Sink Your Teeth into Oral Health

by Pamela Barclay on February 29, 2012


Healthy Smile

Source: Wikimedia Commons (Photo Credit: Politikaner)

Indicators of a variety of conditions including diabetes, cardiovascular disease, and osteoporosis are thought to be linked to the health of your mouth. For example, correlations have been found between periodontal disease in pregnant women and pre-term birth, repeated oral fungal infections and cavities and diabetes, and healthy smiles and self-esteem and mental health.  A recent study conducted by the Pew Center on the States, “A Costly Dental Destination: Hospital Care Means States Pay Dearly” highlights the need for access to preventative dental care for people of all ages.

In 2009, it was estimated that “preventable dental conditions were the primary reason for 830,590 ER visits by Americans”. This is a 16% increase from 2006 and includes visits by children and adults. In some states, as many as 50% of the patients being seen in the ER for dental problems were enrolled in Medicaid programs and have difficulty being seen for regular checkups.

According to the study, using hospital emergency systems to treat preventable dental problems is not efficient and is costly. Most emergency rooms are not staffed with dentists and can often only provide short term relief. It has also been shown that emergency room visits are more costly than routine preventative dental care. For example in Florida in 2010, dental problems accounted for more than 115,000 ER visits and more than $88 million in charges.

The need for increased support for preventative dental care is not newly recognized. In 2001, the Centers for Disease Control and Prevention (CDC) began providing funding and technical support to States for oral disease prevention and have implemented an Oral Health Strategic plan through 2014. The Pew Center study highlights that increasing the access to dental services, especially for children, is essential to solving this problem. States often have different policies that influence oral care for residents and can impact the likelihood that different strategies for improving access will work. Several strategies that have been suggested include:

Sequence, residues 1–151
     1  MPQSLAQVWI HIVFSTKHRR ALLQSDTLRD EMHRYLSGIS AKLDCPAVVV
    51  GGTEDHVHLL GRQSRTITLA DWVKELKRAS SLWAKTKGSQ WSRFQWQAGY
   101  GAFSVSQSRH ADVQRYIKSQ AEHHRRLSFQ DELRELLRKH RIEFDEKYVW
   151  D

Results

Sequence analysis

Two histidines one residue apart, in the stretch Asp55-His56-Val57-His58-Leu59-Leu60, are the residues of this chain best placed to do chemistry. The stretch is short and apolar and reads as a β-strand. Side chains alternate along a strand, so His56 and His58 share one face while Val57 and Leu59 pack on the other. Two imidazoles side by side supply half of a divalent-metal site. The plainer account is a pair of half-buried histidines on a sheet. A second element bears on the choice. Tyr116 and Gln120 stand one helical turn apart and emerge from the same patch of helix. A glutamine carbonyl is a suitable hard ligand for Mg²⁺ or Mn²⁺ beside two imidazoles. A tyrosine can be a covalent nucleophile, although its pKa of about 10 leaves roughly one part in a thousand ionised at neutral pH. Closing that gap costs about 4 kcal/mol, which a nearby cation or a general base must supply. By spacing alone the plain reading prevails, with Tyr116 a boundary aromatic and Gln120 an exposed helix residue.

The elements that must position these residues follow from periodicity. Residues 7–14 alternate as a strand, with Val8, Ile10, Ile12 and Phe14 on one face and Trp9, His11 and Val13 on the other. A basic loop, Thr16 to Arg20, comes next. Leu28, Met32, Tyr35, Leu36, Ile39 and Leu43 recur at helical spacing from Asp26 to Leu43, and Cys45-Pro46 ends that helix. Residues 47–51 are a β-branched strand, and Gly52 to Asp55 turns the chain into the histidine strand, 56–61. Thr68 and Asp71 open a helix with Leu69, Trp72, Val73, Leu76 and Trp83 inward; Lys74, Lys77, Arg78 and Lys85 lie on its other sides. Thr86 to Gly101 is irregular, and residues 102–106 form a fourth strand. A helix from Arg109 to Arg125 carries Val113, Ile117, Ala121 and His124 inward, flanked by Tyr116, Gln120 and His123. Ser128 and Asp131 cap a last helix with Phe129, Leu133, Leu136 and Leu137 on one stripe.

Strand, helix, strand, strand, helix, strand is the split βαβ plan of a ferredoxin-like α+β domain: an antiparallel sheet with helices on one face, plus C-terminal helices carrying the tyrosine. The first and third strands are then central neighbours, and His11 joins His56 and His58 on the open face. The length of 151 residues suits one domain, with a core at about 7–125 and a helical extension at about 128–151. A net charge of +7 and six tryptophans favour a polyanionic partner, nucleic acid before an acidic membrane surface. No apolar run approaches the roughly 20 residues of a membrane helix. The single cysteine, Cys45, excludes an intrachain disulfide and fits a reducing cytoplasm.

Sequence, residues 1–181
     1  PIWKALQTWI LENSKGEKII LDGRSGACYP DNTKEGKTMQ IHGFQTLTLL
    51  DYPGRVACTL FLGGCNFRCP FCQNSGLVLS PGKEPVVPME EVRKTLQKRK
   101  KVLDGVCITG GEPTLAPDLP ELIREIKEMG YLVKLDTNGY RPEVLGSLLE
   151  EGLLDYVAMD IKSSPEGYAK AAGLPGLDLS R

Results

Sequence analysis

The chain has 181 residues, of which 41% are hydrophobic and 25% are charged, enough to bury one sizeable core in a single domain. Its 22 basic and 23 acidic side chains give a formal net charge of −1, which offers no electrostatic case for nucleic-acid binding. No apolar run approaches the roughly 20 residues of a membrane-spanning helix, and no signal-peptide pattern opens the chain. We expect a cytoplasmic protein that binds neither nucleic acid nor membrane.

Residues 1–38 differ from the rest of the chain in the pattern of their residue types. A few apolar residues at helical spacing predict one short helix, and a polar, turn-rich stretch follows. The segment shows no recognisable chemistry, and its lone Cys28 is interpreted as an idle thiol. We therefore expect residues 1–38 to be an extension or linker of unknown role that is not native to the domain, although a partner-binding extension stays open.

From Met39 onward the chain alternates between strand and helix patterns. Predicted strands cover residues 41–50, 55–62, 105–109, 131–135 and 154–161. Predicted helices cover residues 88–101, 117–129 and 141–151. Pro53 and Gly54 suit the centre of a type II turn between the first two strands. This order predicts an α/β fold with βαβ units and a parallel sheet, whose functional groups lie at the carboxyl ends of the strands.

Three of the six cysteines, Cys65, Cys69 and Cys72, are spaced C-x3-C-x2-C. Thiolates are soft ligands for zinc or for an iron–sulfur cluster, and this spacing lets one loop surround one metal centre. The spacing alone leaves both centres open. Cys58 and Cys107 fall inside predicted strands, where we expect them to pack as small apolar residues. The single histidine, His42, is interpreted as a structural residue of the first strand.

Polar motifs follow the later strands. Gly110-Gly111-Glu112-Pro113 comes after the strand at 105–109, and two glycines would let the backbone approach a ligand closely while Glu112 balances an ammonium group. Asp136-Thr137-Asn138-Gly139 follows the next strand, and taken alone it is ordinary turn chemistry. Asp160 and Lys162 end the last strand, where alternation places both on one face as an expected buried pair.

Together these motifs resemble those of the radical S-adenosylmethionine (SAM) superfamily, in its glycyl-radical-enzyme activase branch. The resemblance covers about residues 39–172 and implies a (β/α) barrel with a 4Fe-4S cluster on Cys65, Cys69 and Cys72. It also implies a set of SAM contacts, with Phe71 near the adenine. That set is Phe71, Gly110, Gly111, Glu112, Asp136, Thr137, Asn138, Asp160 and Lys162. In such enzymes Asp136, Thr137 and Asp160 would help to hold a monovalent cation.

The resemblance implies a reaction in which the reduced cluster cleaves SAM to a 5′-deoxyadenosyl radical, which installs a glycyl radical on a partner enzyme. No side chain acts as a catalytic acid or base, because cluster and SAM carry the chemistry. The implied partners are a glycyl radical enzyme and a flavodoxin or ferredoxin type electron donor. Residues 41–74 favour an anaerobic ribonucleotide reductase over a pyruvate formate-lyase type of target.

• A focus on prevention: examples include enabling the sealing of children’s teeth to prevent decay, fluoridating water the water supply, and involving medical providers and physicians who see children more often than dentists.
  • Expanding the dental workforce: examples include offering additional training to dental hygienists and expanding dental licensing to include dental therapists that work under the supervision of dentists.
  • Ensuring that the policies for Medicaid reimbursement cover the cost of treatment to encourage dental practices to accept more Medicaid patients.

I suppose that it is not simple coincidence that this study was published during National Children’s Dental Health Month, sponsored by the American Dental Association. Good (and bad) habits are often formed during childhood, so encouraging dental care early is essential to a lifetime of good oral health.


American Dental Association. (2012). National Children’s Dental Health Month. [online]

Centers for Disease Control and Prevention. (2011). Oral Health Strategic Plan for 2011-2014. Division of Oral Health. [online]